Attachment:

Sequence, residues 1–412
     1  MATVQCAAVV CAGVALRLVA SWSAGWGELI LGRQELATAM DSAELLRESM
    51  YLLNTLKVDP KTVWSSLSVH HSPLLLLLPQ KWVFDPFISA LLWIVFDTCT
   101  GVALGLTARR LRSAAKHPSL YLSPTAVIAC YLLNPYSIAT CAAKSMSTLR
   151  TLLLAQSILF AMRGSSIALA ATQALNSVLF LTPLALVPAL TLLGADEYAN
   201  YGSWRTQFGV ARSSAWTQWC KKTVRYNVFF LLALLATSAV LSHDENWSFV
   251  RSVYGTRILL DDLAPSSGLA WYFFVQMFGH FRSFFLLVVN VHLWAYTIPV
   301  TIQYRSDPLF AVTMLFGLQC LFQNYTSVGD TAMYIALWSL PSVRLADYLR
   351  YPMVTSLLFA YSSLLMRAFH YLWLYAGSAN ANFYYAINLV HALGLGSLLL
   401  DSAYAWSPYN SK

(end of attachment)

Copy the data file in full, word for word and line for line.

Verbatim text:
Sequence, residues 1–412
     1  MATVQCAAVV CAGVALRLVA SWSAGWGELI LGRQELATAM DSAELLRESM
    51  YLLNTLKVDP KTVWSSLSVH HSPLLLLLPQ KWVFDPFISA LLWIVFDTCT
   101  GVALGLTARR LRSAAKHPSL YLSPTAVIAC YLLNPYSIAT CAAKSMSTLR
   151  TLLLAQSILF AMRGSSIALA ATQALNSVLF LTPLALVPAL TLLGADEYAN
   201  YGSWRTQFGV ARSSAWTQWC KKTVRYNVFF LLALLATSAV LSHDENWSFV
   251  RSVYGTRILL DDLAPSSGLA WYFFVQMFGH FRSFFLLVVN VHLWAYTIPV
   301  TIQYRSDPLF AVTMLFGLQC LFQNYTSVGD TAMYIALWSL PSVRLADYLR
   351  YPMVTSLLFA YSSLLMRAFH YLWLYAGSAN ANFYYAINLV HALGLGSLLL
   401  DSAYAWSPYN SK